King’s birth month: Government agencies and the public urged to celebrate

All government agencies have been told to organize ceremonies for His Majesty the King’s 68th birthday while everyone is urged to wear yellow in July.

A commemoration stage to the King Vajiralongkorn at Nonthaburi province. (Source: Thai Public Relations Department)

On 30 June, Oranuch Srinon, Deputy Permanent Secretary to the Office of the Prime Minister, sent a letter to all ministries encouraging them to hold ceremonies to show loyalty to the King and acknowledge his royal grace as 28 July is the King’s birthday.

Each government agency is encouraged to:

  • Set up altar tables displaying the King’s portrait with royal offerings

  • Set up places for people to write messages of goodwill for the King

  • Display Thai and royal flags at government buildings and residential areas

  • Decorate government buildings and residential areas with yellow and white cloth

  • Decorate main streets with lights for an appropriate period of time

  • Post messages of goodwill on the main page of agencies’ websites

  • Wear yellow from 1-31 July

Ministries are encouraged to hold celebrations for the King with the leader of each agency as the guest of honour to pay respect, say a blessing and sign a blessing for the King. Due to Covid-19 concerns, the Office of the Prime Minister asked all agencies to hold ceremonies at special locations and take proper precautions.

Participants will wear their white civil servant uniforms and display the royal commemorative pin from the King’s birthday ceremony in 2012 with the royal commemorative pin from the 2019 coronation.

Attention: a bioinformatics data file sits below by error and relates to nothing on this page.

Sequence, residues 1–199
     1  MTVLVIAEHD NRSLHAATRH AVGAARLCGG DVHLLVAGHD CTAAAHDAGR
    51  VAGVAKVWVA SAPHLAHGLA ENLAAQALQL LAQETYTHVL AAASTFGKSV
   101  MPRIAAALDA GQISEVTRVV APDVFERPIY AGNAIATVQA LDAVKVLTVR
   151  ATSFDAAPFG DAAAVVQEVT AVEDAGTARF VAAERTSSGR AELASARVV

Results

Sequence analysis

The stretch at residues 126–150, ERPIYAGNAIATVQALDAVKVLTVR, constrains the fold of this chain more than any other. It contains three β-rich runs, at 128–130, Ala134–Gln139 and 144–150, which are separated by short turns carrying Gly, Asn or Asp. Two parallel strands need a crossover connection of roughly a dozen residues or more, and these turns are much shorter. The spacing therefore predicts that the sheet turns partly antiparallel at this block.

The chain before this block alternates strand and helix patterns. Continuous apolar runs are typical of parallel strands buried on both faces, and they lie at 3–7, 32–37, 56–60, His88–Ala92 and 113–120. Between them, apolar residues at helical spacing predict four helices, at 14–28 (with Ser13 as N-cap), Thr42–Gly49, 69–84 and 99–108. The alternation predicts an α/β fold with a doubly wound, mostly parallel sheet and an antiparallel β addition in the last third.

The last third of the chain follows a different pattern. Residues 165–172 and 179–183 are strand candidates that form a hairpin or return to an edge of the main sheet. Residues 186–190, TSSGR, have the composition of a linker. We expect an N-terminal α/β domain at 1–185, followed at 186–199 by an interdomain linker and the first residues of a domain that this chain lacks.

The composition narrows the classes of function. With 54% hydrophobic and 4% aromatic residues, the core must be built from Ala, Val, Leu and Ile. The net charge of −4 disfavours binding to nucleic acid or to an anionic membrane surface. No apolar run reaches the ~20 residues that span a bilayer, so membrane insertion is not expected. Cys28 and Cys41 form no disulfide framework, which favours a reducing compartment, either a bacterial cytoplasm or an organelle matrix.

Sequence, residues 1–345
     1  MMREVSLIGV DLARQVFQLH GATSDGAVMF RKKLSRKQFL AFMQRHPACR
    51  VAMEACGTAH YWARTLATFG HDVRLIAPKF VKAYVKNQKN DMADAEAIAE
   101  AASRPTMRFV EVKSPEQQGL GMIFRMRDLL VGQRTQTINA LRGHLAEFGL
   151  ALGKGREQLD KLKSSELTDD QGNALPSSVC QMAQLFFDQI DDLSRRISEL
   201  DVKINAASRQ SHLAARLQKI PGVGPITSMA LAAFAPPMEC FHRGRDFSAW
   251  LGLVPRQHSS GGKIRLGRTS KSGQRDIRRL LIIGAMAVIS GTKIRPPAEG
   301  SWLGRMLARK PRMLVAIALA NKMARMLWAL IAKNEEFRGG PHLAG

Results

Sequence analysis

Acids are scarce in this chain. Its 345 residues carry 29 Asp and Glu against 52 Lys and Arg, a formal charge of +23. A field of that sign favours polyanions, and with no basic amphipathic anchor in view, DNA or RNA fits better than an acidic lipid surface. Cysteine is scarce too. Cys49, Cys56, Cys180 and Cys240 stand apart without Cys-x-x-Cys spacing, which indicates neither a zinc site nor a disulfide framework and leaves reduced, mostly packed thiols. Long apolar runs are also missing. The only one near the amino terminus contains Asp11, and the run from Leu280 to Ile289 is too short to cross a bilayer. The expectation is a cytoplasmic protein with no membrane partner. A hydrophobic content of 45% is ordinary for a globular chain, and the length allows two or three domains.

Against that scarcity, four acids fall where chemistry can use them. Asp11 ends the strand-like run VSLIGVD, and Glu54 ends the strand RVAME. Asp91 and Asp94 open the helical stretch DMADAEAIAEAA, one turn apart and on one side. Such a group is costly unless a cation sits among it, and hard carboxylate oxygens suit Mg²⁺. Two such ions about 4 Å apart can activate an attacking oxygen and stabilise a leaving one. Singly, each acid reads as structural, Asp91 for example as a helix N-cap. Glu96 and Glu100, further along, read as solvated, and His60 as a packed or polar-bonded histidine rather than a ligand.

The letter said the agencies can publish photos and videos of the ceremonies on their websites.

Government agencies include those inside in the country, such as public schools, and those abroad, such as Thai embassies.

On 1 July, Interior Ministry Permanent Secretary Chatchai Promlert sent a letter to all 77 provincial governors asking them to organize ceremonies.

Governors are asked to display the King’s portrait in front of their provincial halls, decorate them with flags and cloth, put up decorative lights on main streets, set up a place for the public to write messages of goodwill and tell other local government agencies to do so.

Chatchai also asked the governors to encourage private businesses and the public in each province to do the same things at their business locations and their homes.

On 30 June, Traisuree Taisaranakul, Deputy Spokesperson for the Office of the Prime Minister said Prime Minister Gen Prayut Chan-o-cha had asked cabinet members, civil servants and the public to wear yellow for the whole month of July.

On 1 July, Wissanu Krea-ngam, Deputy-Prime Minister, said cabinet members were asked to wear yellow only at their meetings on Tuesdays while they are asked to wear a yellow tie on other days if possible.

Why yellow?

King Vajiralongkorn was born on 28 July 1952, which is a Monday. According to Thai concept of colours for every day, yellow is the colour for Monday.

Most of the time during the regime of King Bhumibol, the government asked the public to wear yellow at many royal ceremonies, as he was also born on a Monday. Wearing yellow became a symbol of honouring the King, acknowledging his royal grace and the people’s loyalty to him.

In the case of former Queen Sirikit, who was born on Friday 12 August 1932, the public has been encouraged to wear blue in the month of August. The colour associated with Friday is blue.